How to Maintain a Seldom-Used Vehicle
Performing maintenance is a task that often goes hand-in-hand with owning a vehicle. But what about vehicles you only use once in a while or store part of the year? It may seem like a car that isn’t used frequently wouldn’t require upkeep like your everyday vehicle – but that isn’t always the case. Before storing your vehicle for a month or more, remember these recommended car maintenance tips:
If you have a vehicle you store at your vacation home or a spare car you only drive every so often, there are some steps you should take before leaving it for an extended period of time. According to Cars.com, start by cleaning your vehicle from top to bottom, including washing, polishing and waxing the outside. Chicago Tribune columnist and mechanic Bob Weber adds that the underside of the car should also be cleaned, as anything stuck on the bottom can hold moisture and cause rust.
When your vehicle is looking good as new again, fill up your gas tank if you will be storing the car longer than 30 days, says Edmunds. In addition, Cars.com recommends adding a fuel stabilizer to the tank when it’s almost full for longer storage times, as the shelf life of standard fuels is only about three months. If your vehicle won’t be used within a few months, Cars.com says the stabilizer will help keep the fuel lines and engine from corroding.
The next step in preparing a car for storage is to check tire inflation. If your car is sitting for a long period of time, the temperature may change and the tires can slowly lose pressure, says Cars.com. For this reason, the website recommends inflating your tires to near the top of the recommended air pressure range, but advises not to exceed the maximum.
Finally, Cars.com suggests that before you leave your car dormant for an extended period of time, top off your vehicle’s fluids including brake fluid, engine coolant, power steering fluid (if applicable), transmission fluid and windshield wiper fluid. Also, consider changing the oil before you let your vehicle sit in storage.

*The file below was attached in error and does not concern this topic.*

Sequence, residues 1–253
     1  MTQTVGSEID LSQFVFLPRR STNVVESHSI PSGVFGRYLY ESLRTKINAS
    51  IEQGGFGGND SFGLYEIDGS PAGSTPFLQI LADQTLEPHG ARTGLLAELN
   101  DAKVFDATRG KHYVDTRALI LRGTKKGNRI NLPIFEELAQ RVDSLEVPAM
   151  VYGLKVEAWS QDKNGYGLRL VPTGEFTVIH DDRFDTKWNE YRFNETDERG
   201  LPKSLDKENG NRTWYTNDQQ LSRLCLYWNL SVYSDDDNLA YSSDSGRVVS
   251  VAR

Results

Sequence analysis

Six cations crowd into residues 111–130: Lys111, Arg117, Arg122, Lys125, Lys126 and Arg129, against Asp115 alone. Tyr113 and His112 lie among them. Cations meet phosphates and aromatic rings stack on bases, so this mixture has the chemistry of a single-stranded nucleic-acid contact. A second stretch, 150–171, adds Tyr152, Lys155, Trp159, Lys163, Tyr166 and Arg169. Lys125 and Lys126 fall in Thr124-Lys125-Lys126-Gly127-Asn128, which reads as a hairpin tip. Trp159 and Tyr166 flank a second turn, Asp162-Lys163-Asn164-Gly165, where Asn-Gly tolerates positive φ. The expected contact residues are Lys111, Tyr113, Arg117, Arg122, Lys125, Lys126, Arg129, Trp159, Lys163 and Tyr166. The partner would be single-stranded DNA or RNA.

While in Storage
Protecting your car while not in use can be very important. Cars.com suggests getting a quality cover that securely fits your vehicle, keeps out moisture and allows for air flow. This will protect the exterior from bumps and scratches as well as keep it clean. It also may be a good idea to put steel wool in the air cleaner intake and exhaust pipe to keep small animals from using your vehicle as shelter, says Weber.
Don’t forget the vehicle’s power source: the battery. The battery can either be removed or remain in the vehicle. Either way, Cars.com suggests connecting the battery to a trickle charger or battery tender with an automatic shut-off feature or float mode. This will ensure the battery doesn’t get overcharged.
There’s a common belief that you should start your vehicle periodically, but Cars.com says it isn’t necessary if you prepare your car properly for storage. But, if you want to start your car every so often, after you disconnect the trickle charger, Cars.com notes it’s important to leave it running long enough (typically around 30 seconds, even in cold temperatures, says The Department of Energy) to let it heat up to operating temperature so the oil has a chance to lubricate the system.
When Ready to Use
Before driving away, remember to undo all of the storage prep you did originally (specifically, that regarding the battery, steel wool, etc.). It can be helpful to use a simple checklist like the one below while you’re prepping the vehicle for storage, so you can refer to the list when you’re ready to take it back out onto the road. Cars.com adds that it’s important to remember to return the air pressure in your tires to the level suggested by the manufacturer and note any loss of pressure that could indicate a leak.
Even though you may not use your spare car every day, you probably want to make sure it runs reliably when you do need it. If you follow these steps, you may get more out of your rarely used vehicle.